If your family has struggled with wealth issues, you may well have heard the old saw about the loss of wealth: “from shirtsleeves to shirtsleeves in three generations.” For those familiar with the pitfalls of wealth, this famous quote (most often attributed to Andrew Carnegie) hooks into parents’ fear for their children: what will become of them?
Intergenerational Wealth Can Succeed
This fundamental question can call up a reaction in the most sanguine of parents, but when backed up with the myth that wealthy families must fail across generations, it becomes a galvanizing fear. Wait a minute, myth? Did I say, myth? Yes — it is a myth — because there are families whose story sounds very different. These families are strong and entrepreneurial even into the third generation. The question then transforms from: How do I avoid that old shirtsleeves-to-shirtsleeves trap? to: How do I get my family over there?
Let’s take a look at the fundamental problem. In physics, one of the key elements of solving problems lies in defining what factors are important. The same goes here — family wealth is a very complex problem, so you need to simplify it and define root causes to come up with a strategy. Fundamentally, on the financial side, if you have a pot of wealth, and have three children, you split it in three, and the pot of wealth gets divided by three, which then gets divided further in the next generation. The smaller amounts lead to worse contract conditions at banks as time goes on. If you shave off half a percent of the total wealth over 30 years, you get a substantial difference in value. The root cause of this is that you don’t keep the wealth together. And that’s the most important factor: keeping the wealth together. The first generation’s lack of vision is critical. If parents are raising their children in constant fear of losing everything, they are not looking to the future. They will be protective and less likely to trust their children with tasks that would open the doors to exactly those crucial experiences necessary for the kind of growth that creates an entrepreneurial attitude. But what can you do about it? The remedy is to unite the family around a common cause. Common causes are crucial to holding the family together both emotionally and financially. A common cause gives you some reason to come back and find another path, together, after an argument. It also gives family members a sense of purpose and achievement. With a well-chosen common cause, family members can find their niche, whatever walk of life they choose.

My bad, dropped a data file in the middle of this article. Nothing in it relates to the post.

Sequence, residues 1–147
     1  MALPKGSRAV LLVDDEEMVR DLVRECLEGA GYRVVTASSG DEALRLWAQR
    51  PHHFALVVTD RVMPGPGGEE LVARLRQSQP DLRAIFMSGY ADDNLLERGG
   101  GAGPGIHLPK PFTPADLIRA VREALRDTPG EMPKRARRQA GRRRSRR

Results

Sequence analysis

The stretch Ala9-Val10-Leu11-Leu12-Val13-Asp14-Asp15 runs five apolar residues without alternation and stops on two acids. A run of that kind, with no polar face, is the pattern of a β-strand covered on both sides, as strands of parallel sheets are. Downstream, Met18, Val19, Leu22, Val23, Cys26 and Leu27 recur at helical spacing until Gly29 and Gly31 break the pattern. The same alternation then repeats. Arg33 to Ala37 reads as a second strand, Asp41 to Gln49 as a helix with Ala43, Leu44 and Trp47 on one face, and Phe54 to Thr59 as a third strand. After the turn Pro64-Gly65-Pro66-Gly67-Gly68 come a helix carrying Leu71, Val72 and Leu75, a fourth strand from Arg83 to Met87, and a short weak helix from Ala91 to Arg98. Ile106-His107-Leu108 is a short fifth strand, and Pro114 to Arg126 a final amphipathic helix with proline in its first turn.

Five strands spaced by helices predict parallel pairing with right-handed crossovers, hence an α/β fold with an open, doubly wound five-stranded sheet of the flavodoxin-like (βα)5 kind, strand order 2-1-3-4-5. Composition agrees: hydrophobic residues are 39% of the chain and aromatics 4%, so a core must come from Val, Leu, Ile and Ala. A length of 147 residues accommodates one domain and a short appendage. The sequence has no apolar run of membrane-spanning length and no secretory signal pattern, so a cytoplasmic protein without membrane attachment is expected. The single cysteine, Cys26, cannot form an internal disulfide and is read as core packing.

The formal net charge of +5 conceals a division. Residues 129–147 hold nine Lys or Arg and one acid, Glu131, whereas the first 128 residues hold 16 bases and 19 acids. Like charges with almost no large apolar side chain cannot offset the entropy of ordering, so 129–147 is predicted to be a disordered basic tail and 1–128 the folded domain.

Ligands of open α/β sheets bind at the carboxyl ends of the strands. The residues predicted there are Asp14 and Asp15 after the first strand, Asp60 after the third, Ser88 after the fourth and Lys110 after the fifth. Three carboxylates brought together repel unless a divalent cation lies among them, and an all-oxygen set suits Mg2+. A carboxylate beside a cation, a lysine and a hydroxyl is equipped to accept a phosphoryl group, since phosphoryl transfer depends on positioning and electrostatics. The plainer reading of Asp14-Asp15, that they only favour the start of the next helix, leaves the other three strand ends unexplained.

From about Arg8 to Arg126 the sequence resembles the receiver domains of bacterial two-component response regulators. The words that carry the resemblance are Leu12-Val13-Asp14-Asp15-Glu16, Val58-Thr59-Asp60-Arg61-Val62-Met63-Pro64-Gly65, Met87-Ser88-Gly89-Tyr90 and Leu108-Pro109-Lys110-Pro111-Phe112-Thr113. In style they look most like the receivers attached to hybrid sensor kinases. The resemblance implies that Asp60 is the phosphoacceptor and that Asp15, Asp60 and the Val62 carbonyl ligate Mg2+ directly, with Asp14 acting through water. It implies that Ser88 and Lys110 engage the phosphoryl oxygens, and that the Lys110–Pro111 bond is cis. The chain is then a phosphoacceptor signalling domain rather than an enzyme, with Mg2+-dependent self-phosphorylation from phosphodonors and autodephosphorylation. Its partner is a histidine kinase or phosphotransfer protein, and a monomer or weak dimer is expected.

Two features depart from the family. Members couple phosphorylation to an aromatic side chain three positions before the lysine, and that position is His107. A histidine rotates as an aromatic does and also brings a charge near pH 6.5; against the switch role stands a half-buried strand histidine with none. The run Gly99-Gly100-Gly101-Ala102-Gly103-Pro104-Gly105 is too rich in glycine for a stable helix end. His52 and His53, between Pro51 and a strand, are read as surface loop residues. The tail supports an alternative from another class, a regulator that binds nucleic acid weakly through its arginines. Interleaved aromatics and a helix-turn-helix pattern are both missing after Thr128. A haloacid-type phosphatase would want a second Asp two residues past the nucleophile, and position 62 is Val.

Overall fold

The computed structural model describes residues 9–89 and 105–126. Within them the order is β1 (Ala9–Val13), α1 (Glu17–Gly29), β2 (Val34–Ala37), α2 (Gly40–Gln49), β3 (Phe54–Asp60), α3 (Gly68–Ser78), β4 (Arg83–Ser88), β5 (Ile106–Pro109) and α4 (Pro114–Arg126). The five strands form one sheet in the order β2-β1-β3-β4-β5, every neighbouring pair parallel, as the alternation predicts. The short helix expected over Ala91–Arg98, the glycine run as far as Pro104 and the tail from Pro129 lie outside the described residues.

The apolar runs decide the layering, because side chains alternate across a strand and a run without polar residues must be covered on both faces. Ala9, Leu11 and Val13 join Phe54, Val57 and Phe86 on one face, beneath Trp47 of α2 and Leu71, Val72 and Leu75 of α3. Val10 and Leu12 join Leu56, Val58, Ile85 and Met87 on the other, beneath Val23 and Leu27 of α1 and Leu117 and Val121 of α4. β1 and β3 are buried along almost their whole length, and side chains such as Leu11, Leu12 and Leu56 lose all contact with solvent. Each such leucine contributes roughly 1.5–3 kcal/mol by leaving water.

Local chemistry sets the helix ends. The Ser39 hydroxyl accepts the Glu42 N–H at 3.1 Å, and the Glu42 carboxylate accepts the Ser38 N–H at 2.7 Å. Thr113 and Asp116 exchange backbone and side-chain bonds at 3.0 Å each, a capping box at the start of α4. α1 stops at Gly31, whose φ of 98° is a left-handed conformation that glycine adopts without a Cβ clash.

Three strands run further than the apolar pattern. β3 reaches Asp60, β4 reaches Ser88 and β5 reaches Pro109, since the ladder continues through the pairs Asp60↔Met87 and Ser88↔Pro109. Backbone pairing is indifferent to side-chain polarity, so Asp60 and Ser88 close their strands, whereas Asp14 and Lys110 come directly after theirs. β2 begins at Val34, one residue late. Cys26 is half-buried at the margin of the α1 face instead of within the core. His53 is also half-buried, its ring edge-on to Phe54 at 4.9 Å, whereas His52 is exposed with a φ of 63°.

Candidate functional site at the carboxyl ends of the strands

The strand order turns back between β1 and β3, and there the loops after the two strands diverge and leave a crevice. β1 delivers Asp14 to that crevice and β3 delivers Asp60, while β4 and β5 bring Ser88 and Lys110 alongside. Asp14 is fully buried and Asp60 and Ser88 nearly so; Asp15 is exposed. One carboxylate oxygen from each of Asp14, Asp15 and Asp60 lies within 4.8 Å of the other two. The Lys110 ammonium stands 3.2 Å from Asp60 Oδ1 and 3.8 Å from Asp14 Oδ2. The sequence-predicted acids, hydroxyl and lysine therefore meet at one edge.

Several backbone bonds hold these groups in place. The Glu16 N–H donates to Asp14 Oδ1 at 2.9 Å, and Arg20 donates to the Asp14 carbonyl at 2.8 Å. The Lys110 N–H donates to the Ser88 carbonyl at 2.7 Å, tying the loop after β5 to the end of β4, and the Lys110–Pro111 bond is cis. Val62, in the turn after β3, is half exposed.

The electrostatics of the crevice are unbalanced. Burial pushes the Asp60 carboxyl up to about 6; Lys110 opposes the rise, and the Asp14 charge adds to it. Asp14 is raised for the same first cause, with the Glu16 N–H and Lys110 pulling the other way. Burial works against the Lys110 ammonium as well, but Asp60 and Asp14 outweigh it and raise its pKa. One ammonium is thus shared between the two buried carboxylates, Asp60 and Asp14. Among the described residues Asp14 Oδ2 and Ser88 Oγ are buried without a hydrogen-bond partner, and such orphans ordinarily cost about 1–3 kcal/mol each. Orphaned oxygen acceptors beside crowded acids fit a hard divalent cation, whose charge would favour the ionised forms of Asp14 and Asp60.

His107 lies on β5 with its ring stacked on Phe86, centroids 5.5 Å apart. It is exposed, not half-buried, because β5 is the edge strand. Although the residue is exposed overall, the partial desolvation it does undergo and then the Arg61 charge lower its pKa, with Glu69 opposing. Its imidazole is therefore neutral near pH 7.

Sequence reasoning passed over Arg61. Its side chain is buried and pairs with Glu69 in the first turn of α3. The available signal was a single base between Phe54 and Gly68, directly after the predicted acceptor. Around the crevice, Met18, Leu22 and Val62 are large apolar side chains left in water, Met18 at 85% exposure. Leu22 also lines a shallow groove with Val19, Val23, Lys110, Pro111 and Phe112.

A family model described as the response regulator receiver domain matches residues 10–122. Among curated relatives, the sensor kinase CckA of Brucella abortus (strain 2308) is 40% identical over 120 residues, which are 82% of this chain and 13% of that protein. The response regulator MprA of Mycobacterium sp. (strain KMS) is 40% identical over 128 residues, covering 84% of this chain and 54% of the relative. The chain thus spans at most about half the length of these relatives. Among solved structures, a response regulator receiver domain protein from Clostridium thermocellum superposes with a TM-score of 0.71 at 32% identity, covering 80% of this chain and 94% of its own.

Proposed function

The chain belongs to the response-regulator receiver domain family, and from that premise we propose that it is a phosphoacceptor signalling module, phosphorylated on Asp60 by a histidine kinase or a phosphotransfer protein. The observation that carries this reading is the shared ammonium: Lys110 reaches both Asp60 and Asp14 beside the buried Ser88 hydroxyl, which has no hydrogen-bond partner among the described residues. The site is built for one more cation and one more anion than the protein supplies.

What might be a common cause? It has to be bigger than any individual and can inspire family members with very different personalities to use their unique abilities to achieve success. Most successful families unite either around a business, or a philanthropic cause.
These common causes can fail in two ways. With the family company, the handover of the company may be unsuccessful due to a lack of a succession plan. The important thing with the succession plan is that it caters to every family member’s interest, to ensure universal support for the succession plan. As an example, two of the children may want to continue in the family business, and the third wants to go his or her own way as an artist. How do you deal with that? One solution is to divide the company three ways and then let the two children who are interested in the business control the interest of the third, however that can lead to a sense of betrayal if the third sibling perceives that this division is unfair, or badly managed, to his or her disadvantage. It’s not a good solution unless the third sibling loses interest in his or her share of the wealth.